For instance, according to on-demand restaurant delivery service DoorDash, 80 percent of U.S. restaurants currently do not offer delivery to customers, even in the face of growing consumer demand. Likewise grocery stores are challenged with the ongoing need for updated online ordering and app technology as well as pick-up and delivery design logistics. In addition, c-stores continue to wrangle with shifting demographics and sales drivers while also addressing that data via store design, pricing, food offerings and complementary digital platforms. And all food retailers must be mindful of leading competitors like Amazon (especially in light of their Whole Foods acquisition) and their consistent churn of leading-edge on-demand initiatives to capture market share.

It’s a challenging space, but one that also has areas of great opportunity for restaurants and food retailers dedicated to understanding the needs and wishes of their consumers, while also being true to their brand and strategic in their operational efforts.

Taking on on-demand

As a restaurant or food retailer, what areas should be explored to initiate or refresh your existing on-demand outreach to your customers? Note the following questions to consider.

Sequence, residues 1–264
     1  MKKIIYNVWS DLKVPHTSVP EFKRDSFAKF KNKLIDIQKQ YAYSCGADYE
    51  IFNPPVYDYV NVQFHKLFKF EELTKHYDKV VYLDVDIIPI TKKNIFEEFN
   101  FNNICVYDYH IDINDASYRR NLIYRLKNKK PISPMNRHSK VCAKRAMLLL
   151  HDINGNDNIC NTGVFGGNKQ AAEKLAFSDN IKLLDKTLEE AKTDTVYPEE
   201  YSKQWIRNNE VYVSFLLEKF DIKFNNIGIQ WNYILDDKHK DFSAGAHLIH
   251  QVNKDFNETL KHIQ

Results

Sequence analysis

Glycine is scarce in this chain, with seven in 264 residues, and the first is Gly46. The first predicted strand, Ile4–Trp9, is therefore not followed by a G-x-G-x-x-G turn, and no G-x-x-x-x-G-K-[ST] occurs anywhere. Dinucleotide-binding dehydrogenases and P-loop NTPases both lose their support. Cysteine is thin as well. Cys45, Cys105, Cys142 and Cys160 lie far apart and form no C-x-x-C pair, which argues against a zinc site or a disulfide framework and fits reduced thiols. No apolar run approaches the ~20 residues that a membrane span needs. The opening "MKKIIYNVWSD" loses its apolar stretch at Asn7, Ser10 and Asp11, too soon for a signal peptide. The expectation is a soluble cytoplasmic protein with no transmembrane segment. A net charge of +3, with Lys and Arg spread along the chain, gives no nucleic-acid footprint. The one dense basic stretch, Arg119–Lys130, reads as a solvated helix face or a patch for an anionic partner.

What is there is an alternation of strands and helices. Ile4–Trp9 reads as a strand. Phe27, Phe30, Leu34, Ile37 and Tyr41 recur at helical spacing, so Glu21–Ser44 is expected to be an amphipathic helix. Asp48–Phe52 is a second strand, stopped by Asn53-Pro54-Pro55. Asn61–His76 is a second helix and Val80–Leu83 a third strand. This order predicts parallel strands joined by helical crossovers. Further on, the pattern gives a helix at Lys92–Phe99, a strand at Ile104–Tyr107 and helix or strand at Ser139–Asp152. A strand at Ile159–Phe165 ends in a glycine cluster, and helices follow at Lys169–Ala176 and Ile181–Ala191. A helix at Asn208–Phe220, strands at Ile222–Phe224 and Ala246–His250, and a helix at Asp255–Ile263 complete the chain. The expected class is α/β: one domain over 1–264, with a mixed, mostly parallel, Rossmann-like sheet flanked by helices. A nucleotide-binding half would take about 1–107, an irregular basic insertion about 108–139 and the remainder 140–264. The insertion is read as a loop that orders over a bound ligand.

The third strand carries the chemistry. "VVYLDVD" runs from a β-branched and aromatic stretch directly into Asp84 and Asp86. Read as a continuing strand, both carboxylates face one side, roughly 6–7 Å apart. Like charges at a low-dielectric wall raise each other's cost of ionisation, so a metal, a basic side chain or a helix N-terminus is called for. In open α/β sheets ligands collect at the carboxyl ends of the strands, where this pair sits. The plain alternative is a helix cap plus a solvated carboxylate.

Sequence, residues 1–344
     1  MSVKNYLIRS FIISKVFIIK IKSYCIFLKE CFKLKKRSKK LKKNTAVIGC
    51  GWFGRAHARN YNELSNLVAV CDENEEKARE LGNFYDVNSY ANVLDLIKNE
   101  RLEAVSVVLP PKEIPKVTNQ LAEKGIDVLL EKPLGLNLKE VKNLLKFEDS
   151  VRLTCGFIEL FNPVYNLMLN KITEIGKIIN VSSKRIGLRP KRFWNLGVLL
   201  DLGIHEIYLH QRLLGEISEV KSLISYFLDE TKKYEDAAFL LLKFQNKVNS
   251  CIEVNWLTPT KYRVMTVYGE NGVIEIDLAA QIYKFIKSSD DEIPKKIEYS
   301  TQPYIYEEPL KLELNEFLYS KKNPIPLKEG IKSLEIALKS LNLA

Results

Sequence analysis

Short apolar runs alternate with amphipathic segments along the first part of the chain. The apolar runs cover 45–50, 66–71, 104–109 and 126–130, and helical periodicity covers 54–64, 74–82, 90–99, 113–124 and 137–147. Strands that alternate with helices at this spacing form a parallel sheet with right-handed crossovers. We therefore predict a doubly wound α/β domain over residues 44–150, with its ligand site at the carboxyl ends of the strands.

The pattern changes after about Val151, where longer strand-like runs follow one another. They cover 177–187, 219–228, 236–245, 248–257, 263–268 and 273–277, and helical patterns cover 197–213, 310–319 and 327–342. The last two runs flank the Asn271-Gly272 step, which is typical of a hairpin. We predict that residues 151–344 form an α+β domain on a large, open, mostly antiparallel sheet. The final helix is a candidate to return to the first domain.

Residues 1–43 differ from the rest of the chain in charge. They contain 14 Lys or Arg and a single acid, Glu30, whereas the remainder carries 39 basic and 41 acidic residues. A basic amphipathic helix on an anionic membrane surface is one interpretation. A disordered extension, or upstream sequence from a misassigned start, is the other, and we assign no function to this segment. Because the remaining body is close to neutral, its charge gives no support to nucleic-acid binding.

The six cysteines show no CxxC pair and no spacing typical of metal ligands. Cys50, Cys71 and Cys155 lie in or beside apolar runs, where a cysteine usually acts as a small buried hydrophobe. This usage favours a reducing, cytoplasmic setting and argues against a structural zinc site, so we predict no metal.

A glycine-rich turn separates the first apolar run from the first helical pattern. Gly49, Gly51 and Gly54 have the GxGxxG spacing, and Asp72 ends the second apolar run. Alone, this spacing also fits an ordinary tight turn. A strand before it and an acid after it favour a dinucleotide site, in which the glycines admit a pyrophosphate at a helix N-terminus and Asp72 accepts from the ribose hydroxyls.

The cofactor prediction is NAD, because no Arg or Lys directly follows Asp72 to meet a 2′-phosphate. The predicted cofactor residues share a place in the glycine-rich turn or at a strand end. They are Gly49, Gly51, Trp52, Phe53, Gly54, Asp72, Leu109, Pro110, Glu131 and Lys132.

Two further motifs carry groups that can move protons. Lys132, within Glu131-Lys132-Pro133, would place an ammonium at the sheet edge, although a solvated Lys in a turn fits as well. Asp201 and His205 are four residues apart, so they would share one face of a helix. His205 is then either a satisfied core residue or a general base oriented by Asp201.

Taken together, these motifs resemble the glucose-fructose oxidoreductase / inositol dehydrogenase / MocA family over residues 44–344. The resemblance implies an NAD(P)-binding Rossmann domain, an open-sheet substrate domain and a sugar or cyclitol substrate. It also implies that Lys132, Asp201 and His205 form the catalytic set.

• Who are your customers?  Are they on-the-move commuters, rural or urban, predominantly a business lunch crowd, fine diners, snackers, Baby Boomers, or millennials? Knowing who your customers are, their lifestyle preferences, convenience needs, experience expectations and more will give you the foundational data to determine what type of digital platforms, delivery resources and space design strategies are needed. Perhaps your data will reveal that on demand is not something your consumers need if you’re an exclusive, fine dining destination with established clientele and time-tested ambience and experience. It’s important to thoroughly understand your consumers before diving into any on-demand efforts to make sure this strategy is the right one for your patrons and your business.
  • Does it make sense to leverage a third-party delivery service?  What’s the pricing and margin impact? Will the third party align with your business’s existing brand experience? Selecting a third-party partner that is reliable, complements your business, but also doesn’t price you out of profitability is essential.